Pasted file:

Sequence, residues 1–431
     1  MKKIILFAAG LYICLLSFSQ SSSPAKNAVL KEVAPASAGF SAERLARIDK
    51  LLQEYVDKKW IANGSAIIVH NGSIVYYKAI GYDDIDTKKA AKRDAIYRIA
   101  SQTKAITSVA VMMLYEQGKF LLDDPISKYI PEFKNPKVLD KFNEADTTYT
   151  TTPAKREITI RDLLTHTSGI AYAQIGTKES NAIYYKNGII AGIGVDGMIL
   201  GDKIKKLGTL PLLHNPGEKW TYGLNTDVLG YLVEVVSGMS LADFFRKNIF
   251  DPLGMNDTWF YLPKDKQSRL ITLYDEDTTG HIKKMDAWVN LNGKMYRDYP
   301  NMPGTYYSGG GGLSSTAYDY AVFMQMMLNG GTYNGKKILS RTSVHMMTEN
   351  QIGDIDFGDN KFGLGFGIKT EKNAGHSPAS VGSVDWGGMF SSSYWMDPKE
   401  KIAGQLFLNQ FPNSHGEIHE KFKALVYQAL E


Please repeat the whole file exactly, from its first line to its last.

Sequence, residues 1–431
     1  MKKIILFAAG LYICLLSFSQ SSSPAKNAVL KEVAPASAGF SAERLARIDK
    51  LLQEYVDKKW IANGSAIIVH NGSIVYYKAI GYDDIDTKKA AKRDAIYRIA
   101  SQTKAITSVA VMMLYEQGKF LLDDPISKYI PEFKNPKVLD KFNEADTTYT
   151  TTPAKREITI RDLLTHTSGI AYAQIGTKES NAIYYKNGII AGIGVDGMIL
   201  GDKIKKLGTL PLLHNPGEKW TYGLNTDVLG YLVEVVSGMS LADFFRKNIF
   251  DPLGMNDTWF YLPKDKQSRL ITLYDEDTTG HIKKMDAWVN LNGKMYRDYP
   301  NMPGTYYSGG GGLSSTAYDY AVFMQMMLNG GTYNGKKILS RTSVHMMTEN
   351  QIGDIDFGDN KFGLGFGIKT EKNAGHSPAS VGSVDWGGMF SSSYWMDPKE
   401  KIAGQLFLNQ FPNSHGEIHE KFKALVYQAL E